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The worst tech predictions of 2013 -- and two that hit the mark

Bill Snyder | Jan. 2, 2014
From the social network in business to the 'success' of the Chromebook to the launch of iTV, the pundits got it wrong, wrong, wrong

Here's the truth, according to IDC analyst Rajani Singh, writing in November: "Chromebooks from any vendor except Samsung have not fared particularly well. Even with Samsung's products, they're primarily only having an impact on K-12 education in the U.S. — as a replacement for aging netbooks."

And what's worth crowing about the next "netbook-killer"?

The PC market won't be terrible
Everyone knew that the PC market was in trouble last year. That was an easy call. But hardly anyone on Wall Street or at the big research shops expected it to collapse. Barclays analyst Ben Reitzes, for example, figured that global sales would be off by about 3 percent. By the end of fall, the market had dropped even further, and now IDC predicts that the year-over-year decline will be a bit more than 10 percent, the largest dip in the history of the industry.

One of the most misguided calls related to the PC market was Microsoft's big bet on Windows 8. Sure, it's selling, people have to replace their PCs at some point, but Windows Frankenstein failed to do what earlier Windows upgrades did: Convince people they should by a new PC. Without the boost of a new OS, the market simply tanked as more and more users flocked to ever more powerful tablets.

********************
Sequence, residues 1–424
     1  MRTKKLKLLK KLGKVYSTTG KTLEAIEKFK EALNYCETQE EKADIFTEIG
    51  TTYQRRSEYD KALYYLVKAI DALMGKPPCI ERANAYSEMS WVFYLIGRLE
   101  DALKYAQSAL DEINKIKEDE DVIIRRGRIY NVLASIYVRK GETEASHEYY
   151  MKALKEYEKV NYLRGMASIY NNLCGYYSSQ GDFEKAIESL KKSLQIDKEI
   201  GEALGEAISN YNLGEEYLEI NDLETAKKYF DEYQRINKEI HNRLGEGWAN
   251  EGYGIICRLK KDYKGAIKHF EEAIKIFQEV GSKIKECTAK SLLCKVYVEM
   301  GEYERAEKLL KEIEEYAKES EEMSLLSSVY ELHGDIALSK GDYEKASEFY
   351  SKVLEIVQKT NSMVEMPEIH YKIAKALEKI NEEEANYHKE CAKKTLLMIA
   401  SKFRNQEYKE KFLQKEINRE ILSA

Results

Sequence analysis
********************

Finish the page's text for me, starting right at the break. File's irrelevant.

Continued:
MOOCs will sweep the campus
"There's an app for that," became a joke a couple of years ago. But an awful lot of people, particular the digerati of Silicon Valley, really believe there's an app to solve any of the world's problems — higher education, for instance. The app to fix it: The MOOC, or massive open online course. Hmm, not so fast.

Despite the unending hype, MOOCs have not taken off. A study of more than 1 million MOOC enrollees, released in December by the University of Pennsylvania Graduate School of Education, found that on average only about half of those who registered for a course ever viewed a lecture, and only about 4 percent completed the courses.

Perhaps even more telling, as the New York Times noted, is the failure of the widely publicized MOOC experiment at San Jose State University, in the heart of Silicon Valley, which was supposed to give a boost to underachieving students:

"Despite access to the Udacity mentors, the online students last spring — including many from a charter high school in Oakland — did worse than those who took the classes on campus. In the algebra class, fewer than a quarter of the students — and only 12 percent of the high school students — earned a passing grade."

Social networking will conquer the enterprise
If marketers ran the enterprise, there'd be no doubt that social networking would be king. But they don't, and despite the dazzling predictions and starry-eyed hype, business has not widely adopted social networking with the obvious exception of its use as a marketing tool.

 

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